Foods to Avoid with GERD

Although doctors debate which foods actually cause reflux symptoms, certain foods have been shown to cause problems for many people with the disease. This list of foods to avoid with GERD is fairly well-recognized by most physicians and GERD specialists

  • Fatty or fried foods
  • Processed high-fat meats like bacon and packaged pork sausages
  • Spearmint
  • Vegetable oils
  • Chocolate
  • Whole milk
  • Most fast foods like burgers, wraps and pizzas
  • Citrus fruits and Juices like grapefruit, orange, lime, pineapple etc.
  • Tomatoes and tomato paste
  • Onions and garlic
  • Canned foods and soups
  • Coffee
  • Caffeinated beverages
  • Carbonated soft drinks
  • Alcoholic beverages
  • High-fat Desserts or snacks such as ice cream and potato chips
  • Spicy or acidic foods can also be a trigger, like chilies and pickles
  • Cream sauces, gravies, and creamy salad dressings

What Does Research About Diet For Acid Reflux?

According to research, there is no one-size-fits-all approach to a GERD and heartburn diet. While no one particular diet has been proven to prevent GERD, adding a few healthy foods to your diet and eliminating common GERD triggers does ease symptoms in some people.

An Australian research published in American Journal of Gastroenterology found that gluten can be a trigger for gastrointestinal symptoms in non-celiac individuals, so it makes sense to cut out all wheat and wheat-based foods from your diet for a couple of weeks to see if that helps with your acid reflux symptoms.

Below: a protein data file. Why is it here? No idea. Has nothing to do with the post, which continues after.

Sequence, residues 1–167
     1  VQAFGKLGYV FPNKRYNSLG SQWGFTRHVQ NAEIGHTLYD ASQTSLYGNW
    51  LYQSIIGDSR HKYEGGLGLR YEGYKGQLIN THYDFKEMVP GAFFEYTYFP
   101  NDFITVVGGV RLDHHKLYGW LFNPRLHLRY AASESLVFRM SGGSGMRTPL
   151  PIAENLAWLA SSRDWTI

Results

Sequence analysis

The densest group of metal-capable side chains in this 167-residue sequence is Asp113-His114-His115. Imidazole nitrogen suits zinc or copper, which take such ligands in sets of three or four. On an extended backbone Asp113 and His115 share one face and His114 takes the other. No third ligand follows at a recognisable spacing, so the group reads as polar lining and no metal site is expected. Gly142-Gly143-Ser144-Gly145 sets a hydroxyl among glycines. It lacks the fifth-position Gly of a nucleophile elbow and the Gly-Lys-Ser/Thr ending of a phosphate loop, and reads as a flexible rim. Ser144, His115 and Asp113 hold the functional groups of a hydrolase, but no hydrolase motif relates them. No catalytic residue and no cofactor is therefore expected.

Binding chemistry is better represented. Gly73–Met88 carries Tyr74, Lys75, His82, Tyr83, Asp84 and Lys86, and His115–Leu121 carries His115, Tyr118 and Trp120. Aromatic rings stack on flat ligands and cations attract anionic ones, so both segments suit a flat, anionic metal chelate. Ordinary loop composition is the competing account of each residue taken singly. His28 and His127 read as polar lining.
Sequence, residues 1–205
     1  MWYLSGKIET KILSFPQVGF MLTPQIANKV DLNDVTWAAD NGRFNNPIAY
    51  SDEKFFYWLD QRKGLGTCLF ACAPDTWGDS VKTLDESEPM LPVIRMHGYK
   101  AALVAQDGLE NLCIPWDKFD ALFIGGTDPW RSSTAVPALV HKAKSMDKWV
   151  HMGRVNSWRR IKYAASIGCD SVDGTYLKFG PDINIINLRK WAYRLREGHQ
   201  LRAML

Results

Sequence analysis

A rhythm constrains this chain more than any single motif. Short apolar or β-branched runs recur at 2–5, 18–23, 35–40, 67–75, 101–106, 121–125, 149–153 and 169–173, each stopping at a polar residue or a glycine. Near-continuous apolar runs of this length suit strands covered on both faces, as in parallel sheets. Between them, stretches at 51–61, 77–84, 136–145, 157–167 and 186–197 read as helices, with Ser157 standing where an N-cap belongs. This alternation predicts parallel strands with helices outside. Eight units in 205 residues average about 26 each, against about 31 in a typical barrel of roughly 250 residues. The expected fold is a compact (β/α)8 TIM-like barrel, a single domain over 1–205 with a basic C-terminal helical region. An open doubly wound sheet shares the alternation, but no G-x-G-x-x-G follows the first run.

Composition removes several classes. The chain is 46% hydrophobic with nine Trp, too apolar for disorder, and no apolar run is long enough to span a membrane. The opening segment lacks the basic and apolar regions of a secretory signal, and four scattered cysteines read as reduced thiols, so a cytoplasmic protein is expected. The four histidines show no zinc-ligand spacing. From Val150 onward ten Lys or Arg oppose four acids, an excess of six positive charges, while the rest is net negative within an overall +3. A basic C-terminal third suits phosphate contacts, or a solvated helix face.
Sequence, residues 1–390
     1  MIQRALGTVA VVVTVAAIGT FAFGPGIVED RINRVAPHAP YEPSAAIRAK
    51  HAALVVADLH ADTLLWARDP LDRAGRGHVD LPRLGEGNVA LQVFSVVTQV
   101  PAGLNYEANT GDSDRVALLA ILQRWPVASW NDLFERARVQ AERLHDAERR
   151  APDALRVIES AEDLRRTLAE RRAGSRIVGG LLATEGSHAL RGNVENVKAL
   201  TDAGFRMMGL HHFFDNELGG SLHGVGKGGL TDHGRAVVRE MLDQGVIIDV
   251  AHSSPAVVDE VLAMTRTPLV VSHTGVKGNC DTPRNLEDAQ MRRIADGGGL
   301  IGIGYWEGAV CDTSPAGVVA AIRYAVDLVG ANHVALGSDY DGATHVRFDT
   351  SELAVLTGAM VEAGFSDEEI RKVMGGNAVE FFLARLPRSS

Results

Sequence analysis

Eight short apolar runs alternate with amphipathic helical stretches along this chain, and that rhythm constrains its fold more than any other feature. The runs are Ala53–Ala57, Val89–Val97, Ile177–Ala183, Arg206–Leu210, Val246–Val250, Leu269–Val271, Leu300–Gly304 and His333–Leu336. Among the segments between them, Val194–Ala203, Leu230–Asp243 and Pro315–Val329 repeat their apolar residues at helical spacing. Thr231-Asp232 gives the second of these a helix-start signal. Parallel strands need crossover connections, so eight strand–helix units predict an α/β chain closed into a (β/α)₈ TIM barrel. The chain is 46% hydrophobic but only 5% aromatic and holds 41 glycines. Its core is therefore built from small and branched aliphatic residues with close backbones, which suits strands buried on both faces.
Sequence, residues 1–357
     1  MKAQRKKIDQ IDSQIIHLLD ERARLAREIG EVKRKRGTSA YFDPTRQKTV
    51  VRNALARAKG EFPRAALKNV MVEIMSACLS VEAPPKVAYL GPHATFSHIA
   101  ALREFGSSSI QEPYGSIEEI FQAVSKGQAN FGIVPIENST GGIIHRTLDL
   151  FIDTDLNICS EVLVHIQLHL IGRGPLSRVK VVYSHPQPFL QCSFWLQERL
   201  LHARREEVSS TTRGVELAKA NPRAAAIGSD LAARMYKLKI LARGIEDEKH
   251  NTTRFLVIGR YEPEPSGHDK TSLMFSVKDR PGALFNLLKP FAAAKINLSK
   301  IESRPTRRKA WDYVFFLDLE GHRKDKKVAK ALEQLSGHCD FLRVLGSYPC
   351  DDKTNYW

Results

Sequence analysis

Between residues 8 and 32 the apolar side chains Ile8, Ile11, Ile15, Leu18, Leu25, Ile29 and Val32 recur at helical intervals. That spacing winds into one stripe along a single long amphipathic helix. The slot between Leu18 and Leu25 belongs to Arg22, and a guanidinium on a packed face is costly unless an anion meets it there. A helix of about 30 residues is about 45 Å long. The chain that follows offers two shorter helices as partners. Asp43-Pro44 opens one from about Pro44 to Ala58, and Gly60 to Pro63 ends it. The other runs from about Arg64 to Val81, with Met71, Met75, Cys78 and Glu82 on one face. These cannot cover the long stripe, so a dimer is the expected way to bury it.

Research done at University of California, San Francisco shows that increased fiber intake, specifically in the form of fruits and vegetables, may protect against a number of digestive issues, including GERD.

However, it’s best to discuss with your doctor if you have doubts about certain foods and if they should be a part of your heartburn diet. Know that foods that help improve acid reflux for one person may be a trigger for someone else. Bear in mind that when you eat may be just as important as what you eat. A particular food that triggers acid reflux when eaten close to bedtime may be harmless when eaten earlier in the day.

At this point, I would like us to ask the question – “Is there some way to reboot digestion, so you can eat everything you want and not feel GERD?” I would like us to introduce a couple of paragraphs about the work of U.S. Ayurvedic doctor, Dr. John Douillard. Ayurveda has always maintained that by maintaining the proper stomach acid levels, you should be able to eat age-appropriate quantities of all foods – including spicy and rich ones.

If you keep eliminating foods because they cause GERD reactions, you will be left with a smaller list of permitted foods each year and will face other health challenges. Instead, you want to first cleanse your digestion – from stomach to gallbladder to liver to colon – using fasting, gentle herbs and enemas if needed – and then, re-introduce foods.

The real villain of digestion is our inability to digest the environmental poisons that are found on all produce today in the U.S. and the vast consumption of processed foods. Here is a link to a podcast on the subject of why everyone should be able to eat wheat and gluten.

People with GERD can usually manage their symptoms with diet and lifestyle changes along with some natural supplements. Talk to your doctor if lifestyle changes and medications don’t improve symptoms.

Maneera Saxena Behl
Maneera is a health and fitness enthusiast who is also a firm believer in the power of dietary supplements. A health buff, she likes to help others improve their overall well-being by achieving the right balance between nutrition, exercise and mindfulness.


Probiotics for the treatment of systemic sclerosis-associated gastrointestinal bloating/distention –

Effects of dietary fiber, fats, and meat intakes on the risk of Barrett’s Esophagus –

Gluten Causes Gastrointestinal Symptoms in Subjects Without Celiac Disease: A Double-Blind Randomized Placebo-Controlled Trial –